Qiu et al. (2013)[12] report similar results from workshops that use Buechley et al.'s LilyPad [13]as well as the ModKit [9]environment : “The survey results from our workshops demonstrate the potential of a computer science curriculum taught through computationaltextiles. The data shows that building the projects in our structured curriculum impacts builders’ technological self-efficacy, leading to in an increase in students’ comfort with, enjoyment of, and interest in programming and electronics. Moreover, students were able to successfully complete functional projects, and most reported having a positive overall experience”

5 Learning theoretical and cultural background

Most discourse on computational making is rooted in constructionism. For example, Mori (2017) [14] cites Kafai and Resnick (1996:1) who defined Constructionism as follows: “Constructionism suggests that learners are particularly likely to make new ideas when they are actively engaged in making some type of external artifact - be it a robot, a poem, a sand castle, or a computer program - which they can reflect upon and share with others. Constructionism involves two intertwined types of construction; the construction of knowledge in the context of building personally meaningful artifacts.”

Katterfeldt, Dittert & Schelhowe (2015) [10] argue that constructionist learning environments for digital fabrication with physical computing material focusing on children can enhance "deep learning" processes, e.g. what is called "Bildung" in Germany, a concept that the authors define as combination of Be-greifbarkeit (graspable in its double sens), imagineering and self-efficacy, or, in more simple terms as "learning-to-be" as opposed to "learning about". They relate their work on earlier constructionist theory that “emphasizes learning by constructing not only mental models, but also personally meaningful artefacts.” Citing Resnick et al. (1996) [15] “Programmable bricks as design material provide “rich connections” to the user’s world  (p. 444):” they argue that “they encourage connections to their life world and thus can support imagineering. Especially smart textiles and other universal technical components allow for a variety of connections ranging from arts and crafts to STEM.” Self-efficacy is correlated with effective and efficient learning and, according to the authors, “Self-efficacy is a learning outcome often reported in the context of digital fabrication. For instance, Qiu et al. [12] report on increase in self-efficacy after smart textile workshop”. The authors, in addition to constructionism, “highlight the interaction between body and mind, creativity and technology and self and environment.”, i.e. be-greifbarkeit, imagineering and self-efficacy as essential requirements for learning environments for digital fabrication that facilitate Bildung.

Computational making is often related with arts-based approaches. E.g. Jacobs and Buechley (2013) [3]argue that “Art and design are two domains that offer exciting possibilities when combined with programming and digital fabrication. Unfortunately, use of programming as a medium for art and design, especially by young adults and amateurs, is limited. [..] Despite this perception, programming has the potential to correspond well with traditional, physical art-making practices [7]. By finding ways to connect computation to the design and production of personally relevant physical objects, it is possible to engage novice practitioners in creative programming. The combination of digital-fabrication technologies with computational design serves as one such connection.”. In this paper, the authors identified the following main outcomes of a a ten-day computational fashion workshop: “The combination of computational design and fabrication can actively support the expression of personal identity in a positive setting. It can also foster feelings of confidence in programming and support aesthetic and technological literacy. The projects from the workshops demonstrate unique aesthetics and suggest new opportunities for casual and novice practitioners of art, craft, and design. The workshops also promoted a deep understanding of computation as evidenced by critiques of the participants as well as demonstrating the importance of physical prototypes in the design process. Finally, the workshops promoted a sustained engagement in programming”.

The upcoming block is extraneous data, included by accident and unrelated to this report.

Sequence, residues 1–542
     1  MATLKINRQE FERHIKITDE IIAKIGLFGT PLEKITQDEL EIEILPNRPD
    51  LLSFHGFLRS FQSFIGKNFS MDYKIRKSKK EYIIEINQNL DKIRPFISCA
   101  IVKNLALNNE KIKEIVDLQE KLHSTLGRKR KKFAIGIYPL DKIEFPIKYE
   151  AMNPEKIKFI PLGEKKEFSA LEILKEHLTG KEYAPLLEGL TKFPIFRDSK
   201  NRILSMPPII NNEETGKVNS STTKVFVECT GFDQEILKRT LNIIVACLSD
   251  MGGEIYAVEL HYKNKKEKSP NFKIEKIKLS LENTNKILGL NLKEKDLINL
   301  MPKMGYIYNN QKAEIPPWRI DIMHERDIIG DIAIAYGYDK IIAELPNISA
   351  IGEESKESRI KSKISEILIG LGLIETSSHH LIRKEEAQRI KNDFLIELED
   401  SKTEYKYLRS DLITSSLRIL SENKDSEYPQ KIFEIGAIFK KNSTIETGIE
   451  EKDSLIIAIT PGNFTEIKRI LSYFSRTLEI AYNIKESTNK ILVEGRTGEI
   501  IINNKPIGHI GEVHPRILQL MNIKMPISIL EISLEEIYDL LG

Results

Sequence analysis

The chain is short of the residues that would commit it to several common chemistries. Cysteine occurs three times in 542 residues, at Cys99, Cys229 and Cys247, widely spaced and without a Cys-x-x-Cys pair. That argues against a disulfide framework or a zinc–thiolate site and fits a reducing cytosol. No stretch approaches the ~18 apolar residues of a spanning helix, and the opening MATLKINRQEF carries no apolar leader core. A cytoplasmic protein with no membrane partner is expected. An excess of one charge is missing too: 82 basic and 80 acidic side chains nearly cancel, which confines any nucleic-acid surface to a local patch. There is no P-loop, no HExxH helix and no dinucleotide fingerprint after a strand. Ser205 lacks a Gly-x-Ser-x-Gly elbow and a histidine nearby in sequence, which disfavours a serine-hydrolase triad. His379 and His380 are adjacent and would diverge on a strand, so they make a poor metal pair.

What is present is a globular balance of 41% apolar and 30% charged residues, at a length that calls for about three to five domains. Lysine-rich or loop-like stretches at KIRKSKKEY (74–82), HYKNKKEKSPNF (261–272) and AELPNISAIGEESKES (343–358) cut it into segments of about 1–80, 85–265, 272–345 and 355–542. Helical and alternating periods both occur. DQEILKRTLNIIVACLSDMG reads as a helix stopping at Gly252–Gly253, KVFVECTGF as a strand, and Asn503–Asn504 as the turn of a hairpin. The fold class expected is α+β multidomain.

6 Links

6.1 Computational making

6.2 Computational design

6.3 People

7 References

7.1 Cited with footnotes

  1. Johnson, C. (2017, March). Toward Computational Making with Madeup. In Proceedings of the 2017 ACM SIGCSE Technical Symposium on Computer Science Education (pp. 297-302).https://doi.org/10.1145/3017680.3017703
  2. 2.0 2.1 Chytas, C., Tsilingiris, A., & Diethelm, I. (2019). Exploring computational thinking skills in 3d printing: A data analysis of an online makerspace. In IEEE Global Engineering Education Conference, EDUCON (Vol. April-2019, pp. 1173–1179). IEEE Computer Society. https://doi.org/10.1109/EDUCON.2019.8725202
  3. 3.0 3.1 3.2 3.3 3.4 3.5 Jacobs, J., & Buechley, L. (2013l). Codeable objects: computational design and digital fabrication for novice programmers. In Proceedings of the SIGCHI Conference on Human Factors in Computing Systems (pp. 1589-1598).
  4. Xu, D., Wolz, U., Kumar, D., & Greenberg, I. (2018). Updating introductory computer science with Creative Computation. In SIGCSE 2018 - Proceedings of the 49th ACM Technical Symposium on Computer Science Education (Vol. 2018-January, pp. 167–172). New York, New York, USA: Association for Computing Machinery, Inc. https://doi.org/10.1145/3159450.3159539